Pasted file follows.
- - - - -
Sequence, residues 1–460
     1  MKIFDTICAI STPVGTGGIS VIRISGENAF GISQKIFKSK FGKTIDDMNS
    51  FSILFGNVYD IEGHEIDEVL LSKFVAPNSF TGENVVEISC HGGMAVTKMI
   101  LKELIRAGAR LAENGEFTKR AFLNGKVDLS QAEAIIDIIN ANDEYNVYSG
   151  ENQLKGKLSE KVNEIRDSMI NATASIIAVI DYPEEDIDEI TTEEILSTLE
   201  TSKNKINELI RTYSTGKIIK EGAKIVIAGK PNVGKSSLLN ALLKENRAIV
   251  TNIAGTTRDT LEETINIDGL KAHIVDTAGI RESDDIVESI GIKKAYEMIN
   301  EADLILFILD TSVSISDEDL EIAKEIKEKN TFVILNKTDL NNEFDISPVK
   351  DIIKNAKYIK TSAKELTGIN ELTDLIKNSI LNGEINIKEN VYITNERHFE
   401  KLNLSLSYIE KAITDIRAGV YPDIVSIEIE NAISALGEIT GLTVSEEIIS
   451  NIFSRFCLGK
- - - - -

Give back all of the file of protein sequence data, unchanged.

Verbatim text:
Sequence, residues 1–460
     1  MKIFDTICAI STPVGTGGIS VIRISGENAF GISQKIFKSK FGKTIDDMNS
    51  FSILFGNVYD IEGHEIDEVL LSKFVAPNSF TGENVVEISC HGGMAVTKMI
   101  LKELIRAGAR LAENGEFTKR AFLNGKVDLS QAEAIIDIIN ANDEYNVYSG
   151  ENQLKGKLSE KVNEIRDSMI NATASIIAVI DYPEEDIDEI TTEEILSTLE
   201  TSKNKINELI RTYSTGKIIK EGAKIVIAGK PNVGKSSLLN ALLKENRAIV
   251  TNIAGTTRDT LEETINIDGL KAHIVDTAGI RESDDIVESI GIKKAYEMIN
   301  EADLILFILD TSVSISDEDL EIAKEIKEKN TFVILNKTDL NNEFDISPVK
   351  DIIKNAKYIK TSAKELTGIN ELTDLIKNSI LNGEINIKEN VYITNERHFE
   401  KLNLSLSYIE KAITDIRAGV YPDIVSIEIE NAISALGEIT GLTVSEEIIS
   451  NIFSRFCLGK